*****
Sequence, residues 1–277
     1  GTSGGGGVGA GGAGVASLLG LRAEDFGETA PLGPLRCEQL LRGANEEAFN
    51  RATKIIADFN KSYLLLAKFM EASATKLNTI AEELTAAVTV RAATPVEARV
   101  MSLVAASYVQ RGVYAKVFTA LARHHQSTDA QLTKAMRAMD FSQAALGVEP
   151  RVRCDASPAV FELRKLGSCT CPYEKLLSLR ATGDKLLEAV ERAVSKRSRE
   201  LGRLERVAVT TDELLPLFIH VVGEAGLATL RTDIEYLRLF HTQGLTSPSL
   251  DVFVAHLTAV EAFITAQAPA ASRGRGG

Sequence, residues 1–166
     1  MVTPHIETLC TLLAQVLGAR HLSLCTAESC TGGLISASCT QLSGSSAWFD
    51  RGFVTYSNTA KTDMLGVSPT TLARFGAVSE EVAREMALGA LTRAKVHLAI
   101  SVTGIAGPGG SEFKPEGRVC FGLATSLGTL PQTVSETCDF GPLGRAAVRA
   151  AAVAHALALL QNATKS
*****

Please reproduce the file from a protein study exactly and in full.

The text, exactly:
Sequence, residues 1–277
     1  GTSGGGGVGA GGAGVASLLG LRAEDFGETA PLGPLRCEQL LRGANEEAFN
    51  RATKIIADFN KSYLLLAKFM EASATKLNTI AEELTAAVTV RAATPVEARV
   101  MSLVAASYVQ RGVYAKVFTA LARHHQSTDA QLTKAMRAMD FSQAALGVEP
   151  RVRCDASPAV FELRKLGSCT CPYEKLLSLR ATGDKLLEAV ERAVSKRSRE
   201  LGRLERVAVT TDELLPLFIH VVGEAGLATL RTDIEYLRLF HTQGLTSPSL
   251  DVFVAHLTAV EAFITAQAPA ASRGRGG

Sequence, residues 1–166
     1  MVTPHIETLC TLLAQVLGAR HLSLCTAESC TGGLISASCT QLSGSSAWFD
    51  RGFVTYSNTA KTDMLGVSPT TLARFGAVSE EVAREMALGA LTRAKVHLAI
   101  SVTGIAGPGG SEFKPEGRVC FGLATSLGTL PQTVSETCDF GPLGRAAVRA
   151  AAVAHALALL QNATKS